Is blog conversation distinctive?

There must have been some research done on this question.  I will have to dig around. I have started to think about this in response to ‘conversations’ with Mike and Lani on this blog and with John via a Skype call this morning.

Mike has commented that discussion is spread across blog comments, tweets, emails, f2f and wiki articles and that ‘All of these combine t make a really vibrant, indepth discussion, but on their own the comments on blogs may not appear to progress things very far’. I have been wondering about this. Is this true? Personally I feel that the conversations that I have on blogs can progress things equally as far (at least for me) as do conversations in other mediums, sometimes further and sometimes not as far.

For me blogging is a different kind of conversation, but I still have to sort out in my own mind why it is different. I like the ‘slowness’ of blogs. The time to reflect. I can relate to a lot of what Lani has said in her comment and in particular to the mixed blessings of having an online voice, when all we might be doing in essence is ‘talking to ourselves in an open space’, but just making this available to others if they are interested.

But then as John pointed out when I spoke to him via Skype this morning, people blog for very different reasons, for example some people blog with the intention of teaching. I suppose people might also blog to reflect, to connect, to learn from others, to share with others, to express themselves, to provide a service, to educate and so on. Why else might people blog and why did people voluntarily blog on the CCK08 course, sometimes in preference to the other forms of communication that Mike mentions? And how do some people manage to find an online voice which is listened to when others don’t? What is distinctive about blogging? And is there anything distinctive about people who feel ‘at home’ in this medium?

Are these questions only new to me or have they already been answered elsewhere?

4 thoughts on “Is blog conversation distinctive?

  1. suifaijohnmak February 23, 2009 / 1:01 pm

    Jenny, That’s an excellent summary of some of the major reasons of blogging. As discussed, there are many others which could only be revealed via private chat. And I suspect that we could only reveal some “truths” even through formal research, based on “privacy”, and “cultural reasons”.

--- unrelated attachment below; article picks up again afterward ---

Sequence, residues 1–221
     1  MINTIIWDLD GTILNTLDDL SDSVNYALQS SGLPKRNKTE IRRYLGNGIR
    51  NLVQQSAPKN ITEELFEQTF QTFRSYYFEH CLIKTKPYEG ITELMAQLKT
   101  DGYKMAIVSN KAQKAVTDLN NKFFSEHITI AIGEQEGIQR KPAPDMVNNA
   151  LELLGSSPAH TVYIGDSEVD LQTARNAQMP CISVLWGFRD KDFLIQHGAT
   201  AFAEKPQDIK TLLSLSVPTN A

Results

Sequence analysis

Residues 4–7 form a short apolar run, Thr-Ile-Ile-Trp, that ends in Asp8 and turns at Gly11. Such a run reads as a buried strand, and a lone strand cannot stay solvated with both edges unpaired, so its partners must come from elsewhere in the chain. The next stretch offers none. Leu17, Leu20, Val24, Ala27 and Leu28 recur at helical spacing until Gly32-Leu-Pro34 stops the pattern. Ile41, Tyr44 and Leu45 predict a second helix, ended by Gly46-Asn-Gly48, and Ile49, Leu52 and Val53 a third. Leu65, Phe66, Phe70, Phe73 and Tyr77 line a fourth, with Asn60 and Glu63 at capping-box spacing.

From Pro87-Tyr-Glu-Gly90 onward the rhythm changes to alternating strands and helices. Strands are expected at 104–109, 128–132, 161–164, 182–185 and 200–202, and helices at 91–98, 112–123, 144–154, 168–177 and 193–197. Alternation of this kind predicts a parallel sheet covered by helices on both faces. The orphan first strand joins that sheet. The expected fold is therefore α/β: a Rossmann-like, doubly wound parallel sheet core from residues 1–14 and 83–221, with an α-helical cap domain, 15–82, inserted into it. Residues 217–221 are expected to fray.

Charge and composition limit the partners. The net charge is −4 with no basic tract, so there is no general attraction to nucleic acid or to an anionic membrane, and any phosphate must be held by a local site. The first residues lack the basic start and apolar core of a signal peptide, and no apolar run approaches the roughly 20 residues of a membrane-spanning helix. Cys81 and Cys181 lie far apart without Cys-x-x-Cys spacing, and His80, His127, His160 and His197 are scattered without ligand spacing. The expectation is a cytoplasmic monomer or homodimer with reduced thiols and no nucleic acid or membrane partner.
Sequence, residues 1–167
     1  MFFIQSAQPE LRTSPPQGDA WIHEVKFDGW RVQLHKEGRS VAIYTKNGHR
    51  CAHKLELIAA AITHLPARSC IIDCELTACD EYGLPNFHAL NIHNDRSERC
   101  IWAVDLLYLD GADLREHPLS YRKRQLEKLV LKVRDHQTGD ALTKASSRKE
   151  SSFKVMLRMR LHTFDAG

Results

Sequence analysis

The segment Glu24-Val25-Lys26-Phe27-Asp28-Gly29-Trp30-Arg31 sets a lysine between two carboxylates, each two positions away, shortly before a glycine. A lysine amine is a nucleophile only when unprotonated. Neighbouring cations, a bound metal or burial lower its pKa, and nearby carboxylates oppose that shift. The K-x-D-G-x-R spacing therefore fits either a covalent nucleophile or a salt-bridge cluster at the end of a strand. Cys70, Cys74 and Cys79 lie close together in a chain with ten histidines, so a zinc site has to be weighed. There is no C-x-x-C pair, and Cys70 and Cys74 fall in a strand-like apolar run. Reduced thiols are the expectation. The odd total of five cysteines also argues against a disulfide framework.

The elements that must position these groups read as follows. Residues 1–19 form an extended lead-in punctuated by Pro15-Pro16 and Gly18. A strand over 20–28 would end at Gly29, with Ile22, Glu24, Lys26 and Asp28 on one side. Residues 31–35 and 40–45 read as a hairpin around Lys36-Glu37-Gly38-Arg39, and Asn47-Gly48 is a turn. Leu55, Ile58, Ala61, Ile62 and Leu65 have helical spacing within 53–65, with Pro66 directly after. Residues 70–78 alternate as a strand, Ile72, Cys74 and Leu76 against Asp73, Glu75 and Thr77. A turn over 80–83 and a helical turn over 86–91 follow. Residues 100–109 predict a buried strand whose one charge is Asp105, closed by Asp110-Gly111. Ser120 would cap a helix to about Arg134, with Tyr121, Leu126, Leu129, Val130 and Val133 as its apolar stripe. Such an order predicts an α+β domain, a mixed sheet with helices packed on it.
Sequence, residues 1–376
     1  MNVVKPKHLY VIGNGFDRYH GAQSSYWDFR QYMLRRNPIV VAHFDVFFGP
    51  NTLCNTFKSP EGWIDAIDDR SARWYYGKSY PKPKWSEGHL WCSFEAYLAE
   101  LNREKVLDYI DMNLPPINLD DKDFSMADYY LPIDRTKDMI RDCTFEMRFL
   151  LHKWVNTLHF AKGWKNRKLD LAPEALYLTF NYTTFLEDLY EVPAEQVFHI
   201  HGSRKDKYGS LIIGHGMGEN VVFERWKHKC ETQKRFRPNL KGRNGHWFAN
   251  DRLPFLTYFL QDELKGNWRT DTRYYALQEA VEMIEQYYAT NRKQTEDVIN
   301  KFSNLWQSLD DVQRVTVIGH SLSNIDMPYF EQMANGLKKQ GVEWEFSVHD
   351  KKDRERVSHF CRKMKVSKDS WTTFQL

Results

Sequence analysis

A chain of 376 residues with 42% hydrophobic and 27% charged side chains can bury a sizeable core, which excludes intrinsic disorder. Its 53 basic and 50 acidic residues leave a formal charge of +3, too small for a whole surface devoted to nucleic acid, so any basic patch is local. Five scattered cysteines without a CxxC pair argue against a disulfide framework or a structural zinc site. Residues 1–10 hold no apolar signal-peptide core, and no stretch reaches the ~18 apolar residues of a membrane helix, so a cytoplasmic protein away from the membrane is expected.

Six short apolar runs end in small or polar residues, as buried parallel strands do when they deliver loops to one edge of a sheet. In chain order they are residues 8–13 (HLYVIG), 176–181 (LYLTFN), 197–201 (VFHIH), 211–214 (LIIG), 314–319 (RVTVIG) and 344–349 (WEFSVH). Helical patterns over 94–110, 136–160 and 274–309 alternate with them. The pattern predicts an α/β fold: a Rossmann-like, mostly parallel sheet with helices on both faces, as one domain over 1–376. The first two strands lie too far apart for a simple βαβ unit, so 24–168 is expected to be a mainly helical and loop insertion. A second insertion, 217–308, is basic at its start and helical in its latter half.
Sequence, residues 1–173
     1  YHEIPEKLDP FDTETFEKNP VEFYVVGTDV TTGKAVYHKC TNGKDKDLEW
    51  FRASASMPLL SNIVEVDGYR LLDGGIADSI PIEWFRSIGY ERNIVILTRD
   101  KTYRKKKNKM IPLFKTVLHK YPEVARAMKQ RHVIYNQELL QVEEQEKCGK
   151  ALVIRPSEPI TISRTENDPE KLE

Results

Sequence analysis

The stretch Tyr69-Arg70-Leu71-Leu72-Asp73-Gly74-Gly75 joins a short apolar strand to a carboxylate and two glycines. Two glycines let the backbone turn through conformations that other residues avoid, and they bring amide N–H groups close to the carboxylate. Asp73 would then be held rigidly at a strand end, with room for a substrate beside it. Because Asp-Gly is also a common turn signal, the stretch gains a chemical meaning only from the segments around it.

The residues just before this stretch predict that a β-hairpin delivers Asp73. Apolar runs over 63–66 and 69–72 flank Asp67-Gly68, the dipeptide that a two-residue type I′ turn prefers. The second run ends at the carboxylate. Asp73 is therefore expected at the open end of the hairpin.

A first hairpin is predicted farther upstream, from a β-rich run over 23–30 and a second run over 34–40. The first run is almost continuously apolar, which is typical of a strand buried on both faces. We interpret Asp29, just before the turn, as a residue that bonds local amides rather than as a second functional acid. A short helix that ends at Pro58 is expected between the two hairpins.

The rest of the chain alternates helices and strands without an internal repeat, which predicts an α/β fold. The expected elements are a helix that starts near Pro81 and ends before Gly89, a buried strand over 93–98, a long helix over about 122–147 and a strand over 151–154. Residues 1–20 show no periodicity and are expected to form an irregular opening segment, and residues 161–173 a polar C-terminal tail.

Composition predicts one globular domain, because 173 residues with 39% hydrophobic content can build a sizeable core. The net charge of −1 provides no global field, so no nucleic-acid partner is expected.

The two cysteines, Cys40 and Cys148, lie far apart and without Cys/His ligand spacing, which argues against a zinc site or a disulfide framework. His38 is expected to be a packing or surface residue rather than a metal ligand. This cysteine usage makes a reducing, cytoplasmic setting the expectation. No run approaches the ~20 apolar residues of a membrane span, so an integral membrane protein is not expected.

Here are some of my thoughts on Skype conversation (hope that it could echo with your conversation on whether blogging is distinctive):
    I am delighted that we have opened up another way of connection – the Skype tele-conferencing (or over the phone). I greatly appreciate your wonderful sharing of views over Skepe. As it is a synchronous two-way communication, I have gained a deeper understanding of your perspectives as well as my own thinking. This strengthens our connections significantly. I am wondering if such Skype conversation could be an alternative “private” blogging that people would like to consider in future connections. Instead of writing, we talk and listen, and actively exchange views. Is such action learning more effective?
    We could agree on actions promptly, and ask questions to clarify our different views. At times, this could be a challenge for me, as I have to remind myself in focussing on certain topic ( based on a “professional approach”). You might have noted that I prefer an informal approach in the chat, as this is our first one. And I was both excited and eager to share nearly everything with you. Just can’t wait for that conversation to slip away. Such experience could hardly be gained from a blog.
    So, I found this an interesting experience in that all the myths, assumptions and mysterious character and appearance of a person may be revealed gradually in such a tele-conference. Whereas in blogging, you could still keep it as a suspense, for months, or even years. Curiosity to know about a blogger may be another important motivation towards reading a blog too! By the time when you talk and meet with the blogger face to face, what will be your impression? Ah Ha! Guess my age!
    Don’t you think so?
    Again, what a great chat we have! Million thanks. 🙂
    John

  2. Matthias Melcher February 23, 2009 / 11:02 pm

    And is there anything distinctive about people who feel ‘at home’ in this medium?” I suspect it is a distinctive place on the orality vs. literacy spectrum, on the reader vs. participant spectrum, and (especially) on the synchronous vs. asynchronous spectrum. Great that you are asking for the research.

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